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Every Secret Thing: My Family, My Country Paperback – 5 Feb 1998

8 customer reviews

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Product details

  • Paperback: 288 pages
  • Publisher: Abacus; New edition edition (5 Feb. 1998)
  • Language: English
  • ISBN-10: 0349108560
  • ISBN-13: 978-0349108568
  • Product Dimensions: 1.9 x 12.7 x 19 cm
  • Average Customer Review: 4.5 out of 5 stars  See all reviews (8 customer reviews)
  • Amazon Bestsellers Rank: 1,748,889 in Books (See Top 100 in Books)

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Product Description


A luminous achievement (OBSERVER)

Wonderfully moving ... anger, frustration, and the hunger for sharing wash her pages, though they never swamp the admiration for her parents (GUARDIAN)

Gillian Slovo has written a brave book, as unsparing of herself as it is of her parents ... a moving testimony (Christopher Hope, INDEPENDENT)

An extraordinary expression of the very nature of loving, which illuminates, with the anger and tenderness of deep emotion, that human territory we all occupy, and where we conceal so much from ourselves (Nadine Gordimer)

Book Description

*The deeply moving memoir of the Slovo family which also encompasses much of the story of the Apartheid years.

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Most Helpful Customer Reviews

37 of 39 people found the following review helpful By A Customer on 24 April 2001
Format: Paperback Verified Purchase
Gillian Slovo, 1997: Every Little Thing; my family, my country London: Abacus.
By any standard, this is an exceptional political memoir about the meaning of commitment to the cause of a multi-racial South Africa. Gillian, the daughter of Ruth First and Joe Slovo, has given us a profound insight into the tensions between the public and private lives of her parents, two of the ANC's best-known figures. Starting with the murder of her mother in Maputo in 1982, the author moves by a series of flashbacks from her childhood recollections of the verdant suburbs of Johannesburg in the early 1960s to years in exile and ultimately, the triumph of the ANC, the new South Africa and Joe's untimely death from cancer in 1995. But this is no simple memoir: it is a search to piece together the private identities of two exceptional political figures whose children perceived them only in fleeting glimpses during the turbulent years of confinement, exile and separation. Against Joe's wishes, his journalist daughter has pieced together the private lives behind the politics. This is a book about the emotional price paid by the Ruth, Joe and their children for 30 years of political struggle, a story told with an exceptional lucidity and compassion. It is essential reading for anybody who seeks to understand how grim was the struggle against apartheid.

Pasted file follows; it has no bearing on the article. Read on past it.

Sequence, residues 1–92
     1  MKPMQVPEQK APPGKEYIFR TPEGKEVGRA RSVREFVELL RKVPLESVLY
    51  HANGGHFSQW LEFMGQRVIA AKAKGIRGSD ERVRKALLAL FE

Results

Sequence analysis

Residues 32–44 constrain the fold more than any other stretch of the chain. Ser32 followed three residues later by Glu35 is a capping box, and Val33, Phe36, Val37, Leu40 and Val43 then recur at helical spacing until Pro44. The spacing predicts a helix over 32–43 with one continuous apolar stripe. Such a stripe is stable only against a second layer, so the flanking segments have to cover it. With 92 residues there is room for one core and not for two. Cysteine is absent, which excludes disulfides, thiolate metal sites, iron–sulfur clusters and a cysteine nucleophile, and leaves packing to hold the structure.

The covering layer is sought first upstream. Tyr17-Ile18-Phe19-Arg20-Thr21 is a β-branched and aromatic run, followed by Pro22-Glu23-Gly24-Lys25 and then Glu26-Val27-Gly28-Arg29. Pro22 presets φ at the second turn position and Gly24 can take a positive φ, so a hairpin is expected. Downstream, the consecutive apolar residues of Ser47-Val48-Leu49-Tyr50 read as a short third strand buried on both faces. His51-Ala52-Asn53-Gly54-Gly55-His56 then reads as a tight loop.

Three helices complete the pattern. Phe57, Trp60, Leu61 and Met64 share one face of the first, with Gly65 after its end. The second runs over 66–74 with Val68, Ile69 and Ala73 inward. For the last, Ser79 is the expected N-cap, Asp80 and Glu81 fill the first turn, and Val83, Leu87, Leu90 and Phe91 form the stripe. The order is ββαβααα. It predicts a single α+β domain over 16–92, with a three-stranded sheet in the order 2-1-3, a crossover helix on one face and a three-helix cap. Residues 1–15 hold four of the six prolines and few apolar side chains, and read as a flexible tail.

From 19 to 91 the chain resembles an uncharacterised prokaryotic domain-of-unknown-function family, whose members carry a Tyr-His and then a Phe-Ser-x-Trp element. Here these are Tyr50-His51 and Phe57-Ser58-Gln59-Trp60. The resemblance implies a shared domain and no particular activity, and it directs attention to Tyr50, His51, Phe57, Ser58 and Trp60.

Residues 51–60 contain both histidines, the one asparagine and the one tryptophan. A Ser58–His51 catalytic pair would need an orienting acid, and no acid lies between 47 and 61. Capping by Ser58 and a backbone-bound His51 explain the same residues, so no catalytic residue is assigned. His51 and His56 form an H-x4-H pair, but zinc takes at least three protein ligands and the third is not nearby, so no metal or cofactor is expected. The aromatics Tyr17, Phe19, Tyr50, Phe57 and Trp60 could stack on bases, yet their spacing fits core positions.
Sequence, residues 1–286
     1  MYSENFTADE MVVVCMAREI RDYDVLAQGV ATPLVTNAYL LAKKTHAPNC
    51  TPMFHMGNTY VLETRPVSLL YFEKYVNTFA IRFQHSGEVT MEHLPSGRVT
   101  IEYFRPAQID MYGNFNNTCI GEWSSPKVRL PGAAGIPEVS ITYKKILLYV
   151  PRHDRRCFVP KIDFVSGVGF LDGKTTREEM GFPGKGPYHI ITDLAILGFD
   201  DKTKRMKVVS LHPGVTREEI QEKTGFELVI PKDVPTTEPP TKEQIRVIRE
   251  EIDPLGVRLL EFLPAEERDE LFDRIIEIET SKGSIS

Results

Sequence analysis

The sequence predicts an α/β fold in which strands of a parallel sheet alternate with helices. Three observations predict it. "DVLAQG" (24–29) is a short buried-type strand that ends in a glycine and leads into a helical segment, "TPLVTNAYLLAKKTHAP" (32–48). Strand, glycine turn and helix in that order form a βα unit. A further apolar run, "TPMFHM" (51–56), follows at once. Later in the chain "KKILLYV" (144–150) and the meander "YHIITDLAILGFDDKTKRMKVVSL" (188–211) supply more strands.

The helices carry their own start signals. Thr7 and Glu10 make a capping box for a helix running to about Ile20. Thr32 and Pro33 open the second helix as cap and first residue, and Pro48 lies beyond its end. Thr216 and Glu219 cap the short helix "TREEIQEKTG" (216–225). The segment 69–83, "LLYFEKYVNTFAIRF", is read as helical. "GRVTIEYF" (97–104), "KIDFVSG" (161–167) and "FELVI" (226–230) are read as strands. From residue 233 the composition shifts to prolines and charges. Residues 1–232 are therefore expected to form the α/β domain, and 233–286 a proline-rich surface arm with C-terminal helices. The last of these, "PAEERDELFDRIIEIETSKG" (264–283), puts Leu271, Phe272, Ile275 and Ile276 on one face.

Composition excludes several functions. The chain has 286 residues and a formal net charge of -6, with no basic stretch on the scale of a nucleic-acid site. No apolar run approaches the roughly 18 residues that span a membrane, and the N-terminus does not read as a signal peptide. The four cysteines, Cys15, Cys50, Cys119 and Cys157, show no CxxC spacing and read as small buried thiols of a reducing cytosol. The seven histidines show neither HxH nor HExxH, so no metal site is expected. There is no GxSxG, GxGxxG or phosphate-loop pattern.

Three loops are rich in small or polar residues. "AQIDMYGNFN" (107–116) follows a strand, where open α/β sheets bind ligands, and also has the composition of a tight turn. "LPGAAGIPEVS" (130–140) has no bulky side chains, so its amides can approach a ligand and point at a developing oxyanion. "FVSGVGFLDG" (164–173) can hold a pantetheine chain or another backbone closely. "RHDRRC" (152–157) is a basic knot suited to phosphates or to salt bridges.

G W Irvin
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6 of 6 people found the following review helpful By Douglas on 4 Dec. 2008
Format: Paperback Verified Purchase
I read this when it was first published in 1997 after a wonderful conversation with the author at a book reading in Belfast, and read it again this year. She writes with exquisite fluidity and delicate touch about her upbringing, her country (South Africa) and its politics, and most of all about the ongoing tension between herself and her parents (the iconic anti-apartheid activists Joe Slovo and Ruth First). She documents with genuine feeling and emotion the consequences of her parents' political commitment both for them (murder, death and imprisonment, but also revolutionary political change) and herself (parental abandonment, but also deep and ever growing personal understanding, gratitude and pride in what they did). The issue of the conflict between the political and the personal has never been written about in such an illuminating and touching manner. This is the best book I've read in many, many years.
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16 of 17 people found the following review helpful By Mr. M. H. Dewey on 6 Jan. 2001
Format: Paperback
I thoroughly enjoyed this sensitive account of the author's relationship with her parents. It works on so many levels. It gives insights into South African politics and society from an unusual perspective. The description of Joe Slovo's funeral from the daughter's perspective is particularly strong. It discusses the tension between public and private duties - again from the perspective of a daughter who is honest enough to admit to some resentment towards the time spent by her parents in political struggle.It also deals with the story of the daughter's search for the "truth", and her doubts as to the word's meaning.This is a common enough theme in many post-modern novels; rarely has the theme been rooted in such rich soil. The scene in which the author meets one of the men responsible for her mother's murder is emotionally moving and intellectually challenging.
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1 of 1 people found the following review helpful By E. Braben on 7 Jan. 2012
Format: Hardcover Verified Purchase
This was a wonderful read. It was very well written and the story was engaging in many ways. I have read many books written about Nelson Mandela so this story padded out my knowledge of the ANC in both a historical/political and a personal way. The description of Gillian Slovo's parents was of two complex and very alive people whose dedications to the cause left their parenting less than ideal. This was really a unique viewpoint of a very public time in the history of South Africa. I like this author so much that I have gone on to read other books she has written with equal enjoyment.
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